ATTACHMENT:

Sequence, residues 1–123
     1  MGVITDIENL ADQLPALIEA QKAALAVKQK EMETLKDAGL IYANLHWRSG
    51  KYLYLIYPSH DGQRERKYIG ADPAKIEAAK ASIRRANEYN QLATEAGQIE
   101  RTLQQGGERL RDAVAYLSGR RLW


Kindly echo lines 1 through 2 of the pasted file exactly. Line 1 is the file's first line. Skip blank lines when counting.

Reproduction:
Sequence, residues 1–123
     1  MGVITDIENL ADQLPALIEA QKAALAVKQK EMETLKDAGL IYANLHWRSG